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How to Automate Google Sheets With Macros

Updated: Jun 10, 2019

Automate by teaching Google Sheets how to do them by recording your steps into the Macros and never have to manually do it again.

If you work with a new data set each month and need to manipulate that data in the same sequence each time, then you can record a Macro and have Google Sheets do the work for you.

What are Macros?

A macro (short for "macroinstruction") is a specific sequence of actions that let you automate a series of steps to increase productivity. Recording your steps into Macro can automatically do anything in your spreadsheet, faster.

When you record a macro in Google Sheets, it automatically creates an Apps Script with all the code to replicate your actions for you. This means you can create complex macros without knowing how to write code.

Macros are handy to speed up your own work. Here are just a few examples of what you can do with it.

  • Remove or add formatting and styles

  • Create completely new spreadsheets.

  • Insert extra rows and columns

  • Fill in functions

  • Clean up data

  • Use any Google Sheets function, toolbar, menu, or feature and more

How to Record a Macro in Google Sheets

On your computer, open a spreadsheet in Google Sheets.

  1. Click Tools > Macros > Record Macro

2. Recording new macro box will open in the bottom of your spreadsheet with two options for capturing your actions:

  • Select “Use absolute references” if you want the shortcut to always be performed on the same specific cells.

Example: If you bold the cell A1, then the macro will always make A1 bold regardless of what cell you clicked on.

  • Select “Use relative references” if you want the shortcut to always be performed on the selected cells, regardless of where they are in the sheet.

Example: If you bold the cell A1 and B1, then the macro can re-use it to bold cells C1 and D1 later.

3. Then perform whatever actions you want to record and teach Sheets what order you want these actions to replicate.

4. After you’ve captured all the actions for this macro, click “Save.”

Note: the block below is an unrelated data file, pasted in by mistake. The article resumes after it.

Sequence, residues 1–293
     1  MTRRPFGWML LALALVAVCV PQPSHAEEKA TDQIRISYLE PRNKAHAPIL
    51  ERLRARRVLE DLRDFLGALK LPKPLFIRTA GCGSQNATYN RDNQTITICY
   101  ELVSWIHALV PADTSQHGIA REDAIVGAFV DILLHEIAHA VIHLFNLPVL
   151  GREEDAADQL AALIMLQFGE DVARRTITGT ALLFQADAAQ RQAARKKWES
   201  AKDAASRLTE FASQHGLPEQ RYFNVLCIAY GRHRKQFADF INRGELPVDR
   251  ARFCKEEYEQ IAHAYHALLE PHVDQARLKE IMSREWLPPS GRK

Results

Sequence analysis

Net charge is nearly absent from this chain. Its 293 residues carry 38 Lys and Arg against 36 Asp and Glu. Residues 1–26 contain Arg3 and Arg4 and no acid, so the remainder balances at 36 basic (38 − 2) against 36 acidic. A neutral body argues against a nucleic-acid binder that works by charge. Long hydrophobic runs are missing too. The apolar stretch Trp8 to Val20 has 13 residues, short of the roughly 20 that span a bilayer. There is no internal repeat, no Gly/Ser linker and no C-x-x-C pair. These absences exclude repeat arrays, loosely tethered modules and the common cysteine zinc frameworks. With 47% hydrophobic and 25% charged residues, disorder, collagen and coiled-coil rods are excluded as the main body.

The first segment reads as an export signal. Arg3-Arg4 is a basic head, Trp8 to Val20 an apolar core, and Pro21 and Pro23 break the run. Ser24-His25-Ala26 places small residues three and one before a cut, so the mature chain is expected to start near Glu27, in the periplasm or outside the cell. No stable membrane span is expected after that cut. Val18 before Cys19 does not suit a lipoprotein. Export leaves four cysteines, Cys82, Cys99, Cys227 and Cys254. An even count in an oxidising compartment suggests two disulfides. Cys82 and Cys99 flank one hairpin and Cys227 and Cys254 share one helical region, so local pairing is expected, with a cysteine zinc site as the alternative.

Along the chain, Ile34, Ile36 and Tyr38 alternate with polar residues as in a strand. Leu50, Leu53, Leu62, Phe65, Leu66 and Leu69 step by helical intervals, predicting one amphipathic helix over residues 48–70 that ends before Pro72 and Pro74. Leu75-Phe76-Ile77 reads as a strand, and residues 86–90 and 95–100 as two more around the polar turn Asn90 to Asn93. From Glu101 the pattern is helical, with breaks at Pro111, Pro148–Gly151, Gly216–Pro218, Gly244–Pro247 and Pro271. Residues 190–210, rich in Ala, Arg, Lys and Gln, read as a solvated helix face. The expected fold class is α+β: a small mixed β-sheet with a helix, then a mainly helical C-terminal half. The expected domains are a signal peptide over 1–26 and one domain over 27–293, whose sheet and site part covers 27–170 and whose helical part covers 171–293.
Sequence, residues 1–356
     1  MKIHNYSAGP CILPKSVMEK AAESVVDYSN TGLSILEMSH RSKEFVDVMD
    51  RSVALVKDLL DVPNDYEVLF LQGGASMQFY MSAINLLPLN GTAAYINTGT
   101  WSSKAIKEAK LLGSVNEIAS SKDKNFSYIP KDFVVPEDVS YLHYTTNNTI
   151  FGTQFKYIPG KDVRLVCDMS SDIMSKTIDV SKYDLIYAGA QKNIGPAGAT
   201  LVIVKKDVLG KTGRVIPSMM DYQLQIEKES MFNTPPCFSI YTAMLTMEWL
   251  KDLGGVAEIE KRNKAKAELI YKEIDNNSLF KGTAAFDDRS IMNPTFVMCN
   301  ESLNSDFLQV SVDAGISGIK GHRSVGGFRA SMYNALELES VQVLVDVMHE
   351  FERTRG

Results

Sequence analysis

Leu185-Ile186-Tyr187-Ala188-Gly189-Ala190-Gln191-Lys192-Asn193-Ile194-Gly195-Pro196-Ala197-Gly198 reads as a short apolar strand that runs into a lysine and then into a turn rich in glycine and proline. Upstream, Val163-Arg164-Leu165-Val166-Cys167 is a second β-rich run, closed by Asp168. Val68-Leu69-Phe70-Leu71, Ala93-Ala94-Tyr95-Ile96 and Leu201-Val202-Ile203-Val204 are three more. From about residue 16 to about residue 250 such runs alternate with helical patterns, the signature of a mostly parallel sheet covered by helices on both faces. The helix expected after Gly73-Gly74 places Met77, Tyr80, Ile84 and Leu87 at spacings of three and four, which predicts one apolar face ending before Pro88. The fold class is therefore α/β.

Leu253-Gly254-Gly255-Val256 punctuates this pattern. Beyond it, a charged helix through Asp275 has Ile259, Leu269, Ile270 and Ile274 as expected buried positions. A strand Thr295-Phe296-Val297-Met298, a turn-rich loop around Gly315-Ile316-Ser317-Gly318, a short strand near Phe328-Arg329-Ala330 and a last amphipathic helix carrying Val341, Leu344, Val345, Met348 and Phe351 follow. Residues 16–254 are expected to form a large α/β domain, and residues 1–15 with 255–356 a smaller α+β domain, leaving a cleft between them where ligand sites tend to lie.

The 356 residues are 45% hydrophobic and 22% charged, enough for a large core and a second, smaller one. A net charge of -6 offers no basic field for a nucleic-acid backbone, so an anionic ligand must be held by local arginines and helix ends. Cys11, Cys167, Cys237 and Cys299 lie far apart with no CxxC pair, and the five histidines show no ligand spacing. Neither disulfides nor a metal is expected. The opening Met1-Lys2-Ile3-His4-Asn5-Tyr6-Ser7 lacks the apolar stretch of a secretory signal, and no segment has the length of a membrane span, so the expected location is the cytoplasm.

5. Enter a name for your macro. Google also lets you create shortcuts for up to 10 macros. If you want to bind a macro to a keyboard shortcut, enter a number from 0-9 in the space provided. When you finish, click “Save.”

How to Edit Macro's Name or Keyboard Shortcut

If you need to tweak your macro’s name or shortcut, you can edit a macro.

1. Click Tools > Macros > Manage macros

2. From the window that opens, edit the data as desired and then click “Update.”

The next time you press the keyboard shortcut associated with the macro, it will run even without having to open the macro menu from the toolbar.

How to Run a Macro in Google Sheets

If your macro is an absolute reference:

  1. Run the macro by pressing the keyboard shortcut or go to Tools > Macros > Your Recorded Macro.

  2. Click the appropriate option.

If your macro is a relative reference:

  1. Highlight the cells in your spreadsheet on which you want the macro to run

  2. Press the corresponding shortcut, or click on it from Tools > Macros > Your Recorded Macro.

How to Import Macros to New Spreadsheets

Google Sheets Macros only work on the spreadsheet where you make them. You’ll need to recreate them on other spreadsheets if you want to use them to other spreadsheets.

1. Open the spreadsheets with the macro you want to copy and then click on Tools > Macros > Manage Macros.

2. Click the “More” icon next to the macro you’d like to copy and then click the “Edit Script.”

All macros save to the same file, so if you have a couple of macros saved, you may have to sift through them. The function’s name is the same one you gave it when you created it.

3. Highlight the macro(s) you want to copy, then press Ctrl + C. Be sure to copy everything up to and including the closing semi-colon.

4. Now, open the other spreadsheet you’ll be importing the macro to and click Tools > Macros > Record Macro.

5. Immediately click “Save” without recording any actions to create a placeholder function in the sheet’s macro file for us. You’ll be deleting this a little later.

6. Click “Save” again.

7. Repeat the steps above to edit this new macro, and this time select all the text in the Google Apps Script editor and paste in your copied macro script from the first spreadsheet instead.

8. Go back to your new spreadsheet and run the macro, and you’ll have the same features from your first spreadsheet without all the work of remaking it.

Unfortunately, you will have to bind the macro manually to a keyboard shortcut again. Just follow the instruction previously mentioned, and you’ll be all set to use this macro across multiple sheets.

That’s all there is to creating and using macros in Google Sheets. There’s no limit to the routines you can create for your spreadsheets to limit the amount of time you spend doing these repetitive tasks.

Things you can't do with Macros

Here are a few restrictions on what you can do with Macros:

1. Use macros outside bound scripts

Macros are defined in scripts bound to specific Google Sheets.

2. Define macros in Sheets add-ons

You cannot distribute macro definitions using a Sheets add-on.

3. Distribute macros in script libraries

You cannot distribute macro definitions using Apps Script libraries.

4. Use macros outside of Google Sheets

Macros are only a feature in Google Sheets and do not exist for Google Docs, Forms, or Slides.

The next time you run it, Google Sheets will do everything you did when you recorded the macro. Essentially, you’re teaching Google Sheets how to manipulate a document to your liking with a single command.


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